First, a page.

USEREVIEW 040 (Capsule): Gold Rush
Gold Rush (Invisible Publishing, 2020)
ISBN 978-1-988784-46-5 | 80 pp | $17.95 CAD
Writing about pioneers and summer camp risks a confrontation with banal, or even dangerous, sentimentalism. However, in her sophomore poetry collection, Gold Rush, Claire Caldwell is circumspect, scrutinizing and assessing her subjects with the critical eye they deserve — and she never mistakes pyrite for gold. See, for instance, her poem ‘After the Gold Rush,’ in which the speaker declares, “We bleached the forest / with headlamps,” with the verb bleach suggesting a critique of both the racism and environmental destruction of colonialism. Far from being a mere easy and backward-gazing finger-wagging at the past, however, Caldwell also turns briskly toward the present. She depicts, for instance, space travel as an exercise that only augments human alienation. The lovelorn speaker of ‘Dear Space Boyfriend’ laments to her titular boyfriend, “I know how hard you’ve worked / to be weightless. It’s just — / shouldn’t microgravity make your heart / pump harder?” Even the future is not exempt, as becomes clear in Caldwell’s ironically titled closing poem, ‘Pastoral,’ which I won’t further spoil for you.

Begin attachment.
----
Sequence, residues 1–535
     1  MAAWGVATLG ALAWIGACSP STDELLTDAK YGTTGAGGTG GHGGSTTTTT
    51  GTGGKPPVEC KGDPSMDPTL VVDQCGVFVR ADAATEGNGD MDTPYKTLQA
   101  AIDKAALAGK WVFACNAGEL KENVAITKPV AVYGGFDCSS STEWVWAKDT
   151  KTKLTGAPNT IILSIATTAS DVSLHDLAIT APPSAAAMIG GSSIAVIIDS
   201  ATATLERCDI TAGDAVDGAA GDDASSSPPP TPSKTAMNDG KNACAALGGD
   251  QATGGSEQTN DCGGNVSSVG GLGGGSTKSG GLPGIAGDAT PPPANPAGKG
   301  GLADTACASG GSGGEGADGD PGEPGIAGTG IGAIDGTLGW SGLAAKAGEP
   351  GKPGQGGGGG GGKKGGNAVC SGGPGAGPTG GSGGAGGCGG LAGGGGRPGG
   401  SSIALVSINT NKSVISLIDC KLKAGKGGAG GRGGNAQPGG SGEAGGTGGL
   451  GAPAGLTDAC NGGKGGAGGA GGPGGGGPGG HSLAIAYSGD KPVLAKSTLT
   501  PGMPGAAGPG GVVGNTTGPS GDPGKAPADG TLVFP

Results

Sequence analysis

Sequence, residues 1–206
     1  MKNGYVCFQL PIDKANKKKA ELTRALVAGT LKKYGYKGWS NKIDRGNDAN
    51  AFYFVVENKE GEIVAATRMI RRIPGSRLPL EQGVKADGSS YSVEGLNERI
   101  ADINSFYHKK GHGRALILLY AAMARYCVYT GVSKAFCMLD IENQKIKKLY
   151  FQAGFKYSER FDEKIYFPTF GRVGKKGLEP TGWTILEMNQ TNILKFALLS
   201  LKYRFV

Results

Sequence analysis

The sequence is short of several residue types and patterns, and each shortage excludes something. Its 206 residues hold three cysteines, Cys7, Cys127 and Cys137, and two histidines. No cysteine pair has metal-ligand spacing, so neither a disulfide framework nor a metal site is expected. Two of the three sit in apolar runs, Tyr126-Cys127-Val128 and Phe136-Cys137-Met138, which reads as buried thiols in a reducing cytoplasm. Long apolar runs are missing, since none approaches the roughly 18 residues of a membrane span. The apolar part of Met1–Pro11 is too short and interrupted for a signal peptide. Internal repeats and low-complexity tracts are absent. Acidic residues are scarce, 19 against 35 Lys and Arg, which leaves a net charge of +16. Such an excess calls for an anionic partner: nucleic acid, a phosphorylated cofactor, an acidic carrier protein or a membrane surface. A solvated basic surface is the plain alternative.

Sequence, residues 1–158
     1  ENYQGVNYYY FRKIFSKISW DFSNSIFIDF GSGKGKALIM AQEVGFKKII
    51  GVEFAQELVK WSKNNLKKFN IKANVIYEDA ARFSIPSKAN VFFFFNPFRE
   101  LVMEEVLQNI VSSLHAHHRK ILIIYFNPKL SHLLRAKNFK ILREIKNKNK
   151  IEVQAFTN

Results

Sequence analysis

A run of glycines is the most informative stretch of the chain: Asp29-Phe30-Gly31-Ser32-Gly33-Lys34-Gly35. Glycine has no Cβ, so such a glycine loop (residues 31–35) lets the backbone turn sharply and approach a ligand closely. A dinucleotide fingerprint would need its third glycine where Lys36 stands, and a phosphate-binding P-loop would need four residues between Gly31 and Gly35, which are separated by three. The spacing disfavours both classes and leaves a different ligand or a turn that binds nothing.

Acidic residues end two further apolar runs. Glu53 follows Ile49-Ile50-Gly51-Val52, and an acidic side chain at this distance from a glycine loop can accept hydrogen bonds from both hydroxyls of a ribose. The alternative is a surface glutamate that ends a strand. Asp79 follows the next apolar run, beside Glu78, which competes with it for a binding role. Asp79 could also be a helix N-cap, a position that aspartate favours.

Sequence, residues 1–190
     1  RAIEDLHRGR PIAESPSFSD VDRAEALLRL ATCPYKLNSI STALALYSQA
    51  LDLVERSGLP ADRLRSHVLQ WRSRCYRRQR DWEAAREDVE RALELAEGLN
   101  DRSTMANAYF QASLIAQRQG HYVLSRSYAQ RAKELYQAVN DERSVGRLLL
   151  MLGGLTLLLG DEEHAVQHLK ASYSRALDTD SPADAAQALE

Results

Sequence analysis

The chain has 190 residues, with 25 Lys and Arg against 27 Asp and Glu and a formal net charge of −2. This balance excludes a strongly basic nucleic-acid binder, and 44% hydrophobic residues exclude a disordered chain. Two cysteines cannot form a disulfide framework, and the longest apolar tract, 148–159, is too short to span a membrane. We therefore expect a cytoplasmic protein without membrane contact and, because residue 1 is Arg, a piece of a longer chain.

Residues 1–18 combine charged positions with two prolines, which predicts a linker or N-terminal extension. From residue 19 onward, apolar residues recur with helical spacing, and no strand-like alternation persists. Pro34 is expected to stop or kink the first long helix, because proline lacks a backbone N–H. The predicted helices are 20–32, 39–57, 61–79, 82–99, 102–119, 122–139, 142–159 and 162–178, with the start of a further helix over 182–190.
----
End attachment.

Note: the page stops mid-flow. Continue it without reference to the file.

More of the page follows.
‘Frontier Diaries,’ is a series of eleven graceful ‘erasure poems based on the personal accounts of homesteading women. Though quite minimal, these erasures never feel scanty or forced, and offer surprisingly rich depictions of the lives of homesteaders, from the funny — “beans for years” is the synecdoche one speaker uses to describe her life — to the doubled edge of disappointment, as when another speaker says, “I resign myself to a pale adventure.”